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Governor touts ag importance

Lead Summary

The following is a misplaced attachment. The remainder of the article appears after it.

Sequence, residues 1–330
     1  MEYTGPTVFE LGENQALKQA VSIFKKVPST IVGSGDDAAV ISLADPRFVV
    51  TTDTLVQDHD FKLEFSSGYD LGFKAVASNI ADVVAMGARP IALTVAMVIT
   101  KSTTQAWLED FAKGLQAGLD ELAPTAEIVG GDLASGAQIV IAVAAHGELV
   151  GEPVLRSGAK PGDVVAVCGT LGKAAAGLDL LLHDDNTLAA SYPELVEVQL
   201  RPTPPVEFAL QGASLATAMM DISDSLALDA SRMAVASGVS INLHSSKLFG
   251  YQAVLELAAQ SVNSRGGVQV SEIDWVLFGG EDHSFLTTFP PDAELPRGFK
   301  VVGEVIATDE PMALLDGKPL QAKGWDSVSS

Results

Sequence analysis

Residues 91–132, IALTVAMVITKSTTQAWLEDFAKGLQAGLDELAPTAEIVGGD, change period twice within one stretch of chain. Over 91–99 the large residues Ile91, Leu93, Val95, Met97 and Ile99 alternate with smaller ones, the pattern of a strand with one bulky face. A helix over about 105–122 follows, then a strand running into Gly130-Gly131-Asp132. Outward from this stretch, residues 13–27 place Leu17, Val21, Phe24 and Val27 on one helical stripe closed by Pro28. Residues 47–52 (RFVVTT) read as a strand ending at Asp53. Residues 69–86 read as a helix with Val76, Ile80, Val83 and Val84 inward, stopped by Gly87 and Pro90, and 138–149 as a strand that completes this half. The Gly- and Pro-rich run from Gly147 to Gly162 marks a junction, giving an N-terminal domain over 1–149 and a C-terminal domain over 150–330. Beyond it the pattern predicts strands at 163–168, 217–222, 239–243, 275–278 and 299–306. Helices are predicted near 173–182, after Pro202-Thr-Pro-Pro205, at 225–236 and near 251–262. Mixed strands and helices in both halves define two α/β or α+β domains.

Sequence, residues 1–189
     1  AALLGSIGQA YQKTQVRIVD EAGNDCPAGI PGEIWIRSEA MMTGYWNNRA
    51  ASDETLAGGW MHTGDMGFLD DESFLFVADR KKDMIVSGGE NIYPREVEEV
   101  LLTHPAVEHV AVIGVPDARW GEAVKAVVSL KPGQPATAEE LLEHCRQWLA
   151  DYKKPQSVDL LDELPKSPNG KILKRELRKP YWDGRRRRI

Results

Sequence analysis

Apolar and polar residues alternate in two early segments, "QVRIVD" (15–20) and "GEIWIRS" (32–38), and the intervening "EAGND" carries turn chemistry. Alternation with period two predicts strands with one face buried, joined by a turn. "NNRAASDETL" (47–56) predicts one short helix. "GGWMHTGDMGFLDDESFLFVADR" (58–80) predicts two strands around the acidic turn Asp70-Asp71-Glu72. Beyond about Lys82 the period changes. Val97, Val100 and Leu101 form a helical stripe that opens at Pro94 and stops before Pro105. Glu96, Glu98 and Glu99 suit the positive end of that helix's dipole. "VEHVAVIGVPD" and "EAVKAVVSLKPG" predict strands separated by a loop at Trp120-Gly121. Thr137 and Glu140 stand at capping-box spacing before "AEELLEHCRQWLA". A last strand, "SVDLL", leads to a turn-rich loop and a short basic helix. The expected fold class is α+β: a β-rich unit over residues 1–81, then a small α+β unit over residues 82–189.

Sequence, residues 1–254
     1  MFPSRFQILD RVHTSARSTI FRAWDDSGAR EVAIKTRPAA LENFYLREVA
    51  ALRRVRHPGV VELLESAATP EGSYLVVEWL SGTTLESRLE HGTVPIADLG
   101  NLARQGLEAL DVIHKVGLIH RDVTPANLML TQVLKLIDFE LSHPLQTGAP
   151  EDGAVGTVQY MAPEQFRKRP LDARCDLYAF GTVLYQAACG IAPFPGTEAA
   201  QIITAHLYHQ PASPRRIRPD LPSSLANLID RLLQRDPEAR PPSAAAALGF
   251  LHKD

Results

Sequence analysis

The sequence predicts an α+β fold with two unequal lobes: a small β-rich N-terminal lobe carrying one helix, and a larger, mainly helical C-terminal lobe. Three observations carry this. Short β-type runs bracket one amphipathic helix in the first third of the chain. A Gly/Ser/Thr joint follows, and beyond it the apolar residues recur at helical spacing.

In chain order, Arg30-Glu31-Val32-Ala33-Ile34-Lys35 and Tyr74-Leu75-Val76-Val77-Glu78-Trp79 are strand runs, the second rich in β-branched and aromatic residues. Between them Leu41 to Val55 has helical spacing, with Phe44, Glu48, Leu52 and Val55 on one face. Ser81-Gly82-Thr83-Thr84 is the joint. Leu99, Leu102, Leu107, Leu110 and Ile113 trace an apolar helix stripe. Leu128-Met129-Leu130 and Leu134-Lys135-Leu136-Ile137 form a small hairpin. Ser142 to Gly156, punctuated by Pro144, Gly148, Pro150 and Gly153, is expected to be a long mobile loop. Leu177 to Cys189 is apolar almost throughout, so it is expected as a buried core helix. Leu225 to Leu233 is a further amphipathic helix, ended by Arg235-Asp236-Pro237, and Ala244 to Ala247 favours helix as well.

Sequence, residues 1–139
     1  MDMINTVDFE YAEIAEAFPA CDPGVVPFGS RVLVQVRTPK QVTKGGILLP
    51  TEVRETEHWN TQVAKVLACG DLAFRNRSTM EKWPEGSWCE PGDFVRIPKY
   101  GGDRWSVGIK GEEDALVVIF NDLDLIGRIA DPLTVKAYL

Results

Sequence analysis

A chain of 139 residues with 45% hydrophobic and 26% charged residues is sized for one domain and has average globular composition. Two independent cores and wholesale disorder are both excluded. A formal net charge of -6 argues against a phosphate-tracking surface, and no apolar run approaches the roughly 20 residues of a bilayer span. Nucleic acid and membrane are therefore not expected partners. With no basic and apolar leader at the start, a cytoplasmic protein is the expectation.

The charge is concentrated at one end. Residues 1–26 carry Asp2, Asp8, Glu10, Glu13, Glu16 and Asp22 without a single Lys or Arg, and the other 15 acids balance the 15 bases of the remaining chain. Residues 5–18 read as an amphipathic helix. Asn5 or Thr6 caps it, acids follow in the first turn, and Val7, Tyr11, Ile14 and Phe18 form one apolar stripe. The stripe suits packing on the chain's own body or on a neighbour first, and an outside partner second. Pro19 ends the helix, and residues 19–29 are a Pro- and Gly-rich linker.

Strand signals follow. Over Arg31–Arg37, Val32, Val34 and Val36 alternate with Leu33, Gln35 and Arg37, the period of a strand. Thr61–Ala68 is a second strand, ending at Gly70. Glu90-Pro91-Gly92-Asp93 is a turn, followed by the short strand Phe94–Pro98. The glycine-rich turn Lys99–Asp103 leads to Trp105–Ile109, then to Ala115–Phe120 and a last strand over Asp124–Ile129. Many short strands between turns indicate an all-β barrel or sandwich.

If Gov. Terry Branstad decides to give up politics, he may have a future as a spokesman for the egg industry.Branstad toured Sparboe Foods in New Hampton on Friday afternoon, and give the six-term Republican credit, he knows how to sell egg products.“They’re a great source of protein at a very reasonable price,” he said. “You can’t beat a good egg.”As he talked, the president of the company, Beth Schnell couldn’t help but smile.“We couldn’t have said it any better ourselves, governor,” Schnell said.Branstad stopped in New Hampton during a daylong swing through northern Iowa, and he talked about the importance of agriculture to the state economy.“I can go on and on about how important it is,” he said, “but one of the reasons it is so critical to Iowa is we have great companies and facilities like this one here at Sparboe.”Sparboe officials shared a number of details about their company with the governor.“Our big thing, and our big thing for the past 60 years, has been to provide high quality products,” Schnell said. “And we know it’s important to give back to our communities.”She shared with the governor several ways Sparboe “gives back,” including the annual donation of more than 100,000 eggs to non-profit groups.Branstad said he was also impressed with the commitment to food safety Sparboe has.“We take it seriously, and we’re committed to providing quality and safe products to our customers,” said Jason Duggan, the plant’s safety manager. “We have strict rules in place and we follow them.”Sparboe employs about 165 people in New Hampton, and Branstad reminisced that he, along with current New Hampton Economic Development Director Tammy Robinson, had visited the plant long ago, when it was still owned and operated by Sara Lee.“We’re kind of dating ourselves a little,” he said to Robinson with a laugh before looking at Schnell, “but in all seriousness, it’s great to see you folks here.”The governor touched on the Avian Flu crisis that hit the state in 2015 and said the state is still feeling the effects of the epidemic.“Our revenue forecast dropped $46 million between December and March,” he said, “and that was in part because of what we dealt with last year.”But he also took heart when Sparboe officials talked about how they were able to help out companies with products.“That is what makes Iowa work,” he said. “We step in and we do the right thing.”   

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